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I really wish I were one of those people who dreamed at night of traveling to Tuscany, or of dancing on Broadway. Perhaps skydiving into the Grand Canyon. When I dream, it’s fairly jejune (love that word. It’s so fancy, for meaning something so dull!) although I do often receive what I consider to be words from Providence.

Just little reminders of what I already know but haven’t really taken to heart.

Here’s what I read last night:

You don’t plant weeds in your garden on purpose.

You don’t drink poison from a glass.

If you could pour regret into a glass and see it, you’d realize it was poison. You wouldn’t voluntarily drink it if it smelled noxious and tasted worse.

As I thought of something painful from the past just this morning, I realized that my stomach was in a knot. That’s when it occurred to me. Maybe that spare tire we all carry around our midriffs is really something else: Regret Storage. Poisonous pain we were meant to let go of, but held on to, and as a result, it seeped into our souls.

When I realized that thinking of painful things from the past was causing pain in my gut as I was standing there in the kitchen, I stopped thinking about those things. The pain went away. Right away. If only it were always that easy!

But at least I can remind myself that it’s more important to feel good and live well now than to deconstruct the past. I can’t change what happened, but I can decide that I won’t give away my joy to someone or something that has already hurt me once.

That’s why they call the present a gift. You can unwrap it afresh every day.


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This morning, I found myself thinking of the things in need of repair in my house. Clogged sink. Broken fence. Electrical issues. That led me to ponder all the things I’ve yet to accomplish in my life.

It occurred to me that dwelling on things I don’t have is counterproductive. The weight of absence and lack takes up space in your soul, leaving no room for good things yet to come. And those you already have.

Counting your current blessings is recruitment for future blessings.

My favorite popcorn movies were on t.v. today. The Day After Tomorrow, followed by Kate and Leopold. These might seem like small things to count as blessings, but they came at the exact moment they were needed.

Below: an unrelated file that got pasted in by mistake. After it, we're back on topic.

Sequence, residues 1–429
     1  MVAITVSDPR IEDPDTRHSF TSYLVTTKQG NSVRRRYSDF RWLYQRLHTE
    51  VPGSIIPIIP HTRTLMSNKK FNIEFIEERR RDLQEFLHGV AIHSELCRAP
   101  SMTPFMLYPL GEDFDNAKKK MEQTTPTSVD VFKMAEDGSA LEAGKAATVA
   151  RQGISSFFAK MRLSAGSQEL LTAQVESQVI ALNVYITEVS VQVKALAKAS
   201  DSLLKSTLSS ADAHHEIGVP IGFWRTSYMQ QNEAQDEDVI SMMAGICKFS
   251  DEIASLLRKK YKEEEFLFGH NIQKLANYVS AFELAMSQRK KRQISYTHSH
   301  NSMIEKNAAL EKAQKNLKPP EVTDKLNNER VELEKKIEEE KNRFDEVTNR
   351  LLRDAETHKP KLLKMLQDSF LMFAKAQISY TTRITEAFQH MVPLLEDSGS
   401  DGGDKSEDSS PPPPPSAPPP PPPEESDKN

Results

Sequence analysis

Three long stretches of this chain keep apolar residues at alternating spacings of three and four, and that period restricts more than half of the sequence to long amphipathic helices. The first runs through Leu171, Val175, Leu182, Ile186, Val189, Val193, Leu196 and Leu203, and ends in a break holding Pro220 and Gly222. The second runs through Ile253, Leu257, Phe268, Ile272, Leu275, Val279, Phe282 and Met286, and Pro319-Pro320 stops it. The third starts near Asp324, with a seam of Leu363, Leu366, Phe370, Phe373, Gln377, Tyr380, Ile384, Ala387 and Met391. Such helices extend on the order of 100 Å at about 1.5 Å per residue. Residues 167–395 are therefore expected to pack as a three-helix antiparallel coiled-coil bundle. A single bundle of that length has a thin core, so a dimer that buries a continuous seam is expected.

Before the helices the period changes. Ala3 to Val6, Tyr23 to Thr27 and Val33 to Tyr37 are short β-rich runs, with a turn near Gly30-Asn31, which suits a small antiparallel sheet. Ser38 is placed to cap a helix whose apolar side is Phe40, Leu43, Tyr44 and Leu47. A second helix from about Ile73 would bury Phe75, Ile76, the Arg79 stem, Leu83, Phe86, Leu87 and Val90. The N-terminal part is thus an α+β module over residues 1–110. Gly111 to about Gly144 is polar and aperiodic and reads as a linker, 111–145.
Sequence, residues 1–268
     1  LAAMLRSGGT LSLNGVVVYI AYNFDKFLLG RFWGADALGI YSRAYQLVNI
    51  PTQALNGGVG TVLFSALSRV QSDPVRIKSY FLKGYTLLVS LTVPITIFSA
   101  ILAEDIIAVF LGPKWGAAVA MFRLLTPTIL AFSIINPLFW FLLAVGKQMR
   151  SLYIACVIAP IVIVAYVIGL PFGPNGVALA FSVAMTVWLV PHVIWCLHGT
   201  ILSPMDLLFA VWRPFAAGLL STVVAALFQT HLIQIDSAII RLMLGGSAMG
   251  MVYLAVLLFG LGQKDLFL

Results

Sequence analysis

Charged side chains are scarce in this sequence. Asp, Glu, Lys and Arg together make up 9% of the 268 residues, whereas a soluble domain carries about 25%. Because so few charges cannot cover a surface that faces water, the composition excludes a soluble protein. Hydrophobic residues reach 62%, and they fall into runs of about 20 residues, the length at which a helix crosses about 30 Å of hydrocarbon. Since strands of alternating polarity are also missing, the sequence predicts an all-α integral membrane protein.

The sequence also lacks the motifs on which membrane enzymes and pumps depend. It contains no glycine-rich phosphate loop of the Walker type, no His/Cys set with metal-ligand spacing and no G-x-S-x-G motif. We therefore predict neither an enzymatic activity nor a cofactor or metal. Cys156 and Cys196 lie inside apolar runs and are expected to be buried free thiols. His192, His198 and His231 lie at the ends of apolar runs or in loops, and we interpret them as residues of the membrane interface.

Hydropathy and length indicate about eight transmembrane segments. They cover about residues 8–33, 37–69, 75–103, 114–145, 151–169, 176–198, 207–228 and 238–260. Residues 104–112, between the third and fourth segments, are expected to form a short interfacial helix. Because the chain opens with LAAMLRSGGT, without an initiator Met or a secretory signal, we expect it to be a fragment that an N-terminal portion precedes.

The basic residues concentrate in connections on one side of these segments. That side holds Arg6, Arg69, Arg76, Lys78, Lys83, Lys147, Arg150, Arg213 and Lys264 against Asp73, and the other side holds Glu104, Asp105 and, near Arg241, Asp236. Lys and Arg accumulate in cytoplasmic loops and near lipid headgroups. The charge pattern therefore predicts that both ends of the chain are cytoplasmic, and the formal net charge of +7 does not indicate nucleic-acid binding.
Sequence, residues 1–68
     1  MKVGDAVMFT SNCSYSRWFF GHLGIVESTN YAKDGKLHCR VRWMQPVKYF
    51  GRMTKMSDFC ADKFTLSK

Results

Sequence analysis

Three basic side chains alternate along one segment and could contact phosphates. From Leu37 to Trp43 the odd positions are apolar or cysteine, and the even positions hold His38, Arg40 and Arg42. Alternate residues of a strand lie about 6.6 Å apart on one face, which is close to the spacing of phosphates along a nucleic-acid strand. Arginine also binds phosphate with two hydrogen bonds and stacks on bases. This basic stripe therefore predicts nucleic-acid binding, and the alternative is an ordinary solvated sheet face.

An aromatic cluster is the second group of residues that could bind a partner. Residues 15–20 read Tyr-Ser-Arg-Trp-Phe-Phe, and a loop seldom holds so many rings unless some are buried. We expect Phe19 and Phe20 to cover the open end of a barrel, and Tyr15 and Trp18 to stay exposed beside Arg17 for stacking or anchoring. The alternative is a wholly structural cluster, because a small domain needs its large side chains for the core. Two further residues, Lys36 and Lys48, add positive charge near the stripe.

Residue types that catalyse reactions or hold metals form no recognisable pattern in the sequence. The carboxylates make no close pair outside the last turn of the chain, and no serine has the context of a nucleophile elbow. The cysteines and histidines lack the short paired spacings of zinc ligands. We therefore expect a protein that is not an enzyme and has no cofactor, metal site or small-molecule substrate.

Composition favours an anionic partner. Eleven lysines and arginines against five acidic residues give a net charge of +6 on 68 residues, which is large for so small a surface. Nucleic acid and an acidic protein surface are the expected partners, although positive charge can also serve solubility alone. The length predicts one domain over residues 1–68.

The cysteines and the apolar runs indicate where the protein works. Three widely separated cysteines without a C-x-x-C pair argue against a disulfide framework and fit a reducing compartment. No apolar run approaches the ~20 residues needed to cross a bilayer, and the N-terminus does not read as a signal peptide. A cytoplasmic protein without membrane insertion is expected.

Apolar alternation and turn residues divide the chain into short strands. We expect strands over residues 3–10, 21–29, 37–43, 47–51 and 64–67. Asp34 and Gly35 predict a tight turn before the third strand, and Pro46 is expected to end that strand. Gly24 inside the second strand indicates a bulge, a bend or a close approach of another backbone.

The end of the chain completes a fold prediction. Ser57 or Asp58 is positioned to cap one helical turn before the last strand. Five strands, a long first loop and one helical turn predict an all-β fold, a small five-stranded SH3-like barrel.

Every problem can be broken down into two parts: The burden and the blessing.

It’s bitterly cold outside. That’s the burden. We’re inside with the heat on, wearing comfy sweaters. That’s the blessing.

There are things in need of repair in my house. That’s the burden. They’re not so urgent that we can’t wait to get them fixed. That’s the blessing.

One of my pairs of shoes has worn down and they have no arch support. That’s the burden. But as I said, one of my pairs of shoes… I have other shoes. That’s the blessing.

Every problem in life contains those two parts. The burden and the blessing. Sometimes shifting focus toward the good in life is just a matter of degree.

Travel guru, Rick Steves, tells the story of why he decided to donate his retirement “nest egg” to house homeless women and children. In the 90s, he decided to buy a building complex to help the community. In time, the buildings became uninhabitable due to mold.

“To me, this was actually good mold. God was in that mold. After much thought the right move became clear. I’d tear down the duplexes and replace them with four­plexes, doubling the people I could house and creating a little community I’d call Trinity Way.”

God was in that mold.

Today, I had to contact a company’s customer service about an issue, and I felt myself tensing as I was talking. I had to remind myself that the outcome would not have been improved had I screamed at the representative on the phone.

In the end, I’d say that I wasn’t completely calm, but I didn’t blow my stack. The best I could achieve was to be tight but polite. And that was enough in that moment. Tight but polite.

In Don Miguel Ruiz’ The Four Agreements, he writes:

“Always Do Your Best – Your best is going to change from moment to moment; it will be different when you are healthy as opposed to sick.  Under any circumstance, simply do your best, and you will avoid self-judgement, self-abuse, and regret.”